'It' is back, but the invention also known as Ginger still remains shrouded in mystery.
Rumours abound about invention nobody's seen
The elusive gizmo referred to as 'It' or 'Ginger' was first rumoured early this year as an invention that would revolutionise the world — in some way. And after a whirlwind of media speculation that turned up, well, more speculation, 'It' is back.
US television show Good Morning America says it will unveil the invention during on Monday next week's show, a spokeswoman confirmed.
Ginger is the work of the lauded New Hampshire inventor Dean Kamen, who made his millions inventing a plastic kidney-dialysis machine and later a versatile wheelchair that climbs stairs and stands on two wheels.
But despite the clamour of interest from media outlets everywhere, which have written and speculated about Ginger since it was first mentioned, there are few clues as to what Kamen's hyped invention will be.
Internet discussion boards dedicated to Ginger offer guesses ranging from a hovering transport device to the more popular conclusion — a personal scooter powered by a clean-running engine called the Sterling.
But apart from speculation, few know for certain what Ginger is, and promotions about its debut next week offer little else. Good Morning America host Diane Sawyer mentioned Monday's unveiling of Ginger on the morning news show last week, noting that "we don't know if you eat it, or you ride it, or you co-anchor with it", according to reports, citing show transcripts. What they probably do know is that the covert invention could attract big ratings.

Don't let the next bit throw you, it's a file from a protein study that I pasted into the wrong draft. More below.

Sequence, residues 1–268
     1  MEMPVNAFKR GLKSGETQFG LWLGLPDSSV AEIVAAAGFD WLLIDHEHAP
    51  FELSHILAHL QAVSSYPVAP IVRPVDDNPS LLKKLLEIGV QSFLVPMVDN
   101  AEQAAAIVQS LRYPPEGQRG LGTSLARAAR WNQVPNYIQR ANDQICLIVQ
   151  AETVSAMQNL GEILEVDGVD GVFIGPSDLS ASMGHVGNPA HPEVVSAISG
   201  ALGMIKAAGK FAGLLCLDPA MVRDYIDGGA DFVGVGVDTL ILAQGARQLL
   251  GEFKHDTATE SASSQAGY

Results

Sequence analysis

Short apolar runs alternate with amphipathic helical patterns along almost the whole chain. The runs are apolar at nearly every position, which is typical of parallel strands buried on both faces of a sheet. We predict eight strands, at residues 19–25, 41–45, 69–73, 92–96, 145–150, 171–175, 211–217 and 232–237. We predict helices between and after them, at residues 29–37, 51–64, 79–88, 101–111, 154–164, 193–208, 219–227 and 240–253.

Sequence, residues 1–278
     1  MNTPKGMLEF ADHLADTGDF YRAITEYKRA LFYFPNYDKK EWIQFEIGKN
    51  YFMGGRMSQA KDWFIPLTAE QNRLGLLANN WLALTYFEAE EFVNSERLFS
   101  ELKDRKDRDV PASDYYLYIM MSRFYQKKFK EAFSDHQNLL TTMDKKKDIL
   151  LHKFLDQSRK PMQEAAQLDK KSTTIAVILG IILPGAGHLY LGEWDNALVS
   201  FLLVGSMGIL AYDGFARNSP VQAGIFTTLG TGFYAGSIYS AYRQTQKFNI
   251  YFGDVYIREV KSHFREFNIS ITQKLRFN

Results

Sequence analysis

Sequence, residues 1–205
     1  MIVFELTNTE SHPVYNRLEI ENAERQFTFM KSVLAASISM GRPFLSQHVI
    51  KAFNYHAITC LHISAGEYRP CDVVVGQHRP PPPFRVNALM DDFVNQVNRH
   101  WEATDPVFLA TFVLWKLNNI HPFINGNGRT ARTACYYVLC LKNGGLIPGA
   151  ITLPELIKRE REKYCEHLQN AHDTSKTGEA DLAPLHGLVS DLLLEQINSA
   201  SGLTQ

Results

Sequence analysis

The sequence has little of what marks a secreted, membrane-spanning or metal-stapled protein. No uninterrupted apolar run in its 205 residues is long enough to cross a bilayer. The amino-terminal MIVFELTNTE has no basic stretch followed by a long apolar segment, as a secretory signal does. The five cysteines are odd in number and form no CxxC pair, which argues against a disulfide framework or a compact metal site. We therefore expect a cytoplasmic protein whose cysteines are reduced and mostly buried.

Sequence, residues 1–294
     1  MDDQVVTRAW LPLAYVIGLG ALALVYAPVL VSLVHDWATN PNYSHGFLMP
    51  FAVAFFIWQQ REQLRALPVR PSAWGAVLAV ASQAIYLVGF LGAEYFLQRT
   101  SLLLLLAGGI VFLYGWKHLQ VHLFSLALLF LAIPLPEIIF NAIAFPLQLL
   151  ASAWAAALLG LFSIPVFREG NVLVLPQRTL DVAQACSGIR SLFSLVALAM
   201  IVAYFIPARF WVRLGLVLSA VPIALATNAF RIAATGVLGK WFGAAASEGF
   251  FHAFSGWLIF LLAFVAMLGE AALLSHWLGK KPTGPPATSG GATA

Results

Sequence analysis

Kamen's invention has won over some of Silicon Valley's bigwigs who have seen Ginger and reportedly thrown money behind it, according to initial reports in January on the news website Inside.com.
Investing icon John Doerr has called Kamen a blend of Thomas Edison and Henry Ford. Apple's head honcho Steve Jobs was quoted as saying that people will erect entire cities around It.
News of Ginger was first uncovered when it was revealed that Harvard Business School Press had offered Kamen $250,000, with the help of a writer, to chronicle the making of Ginger in a book.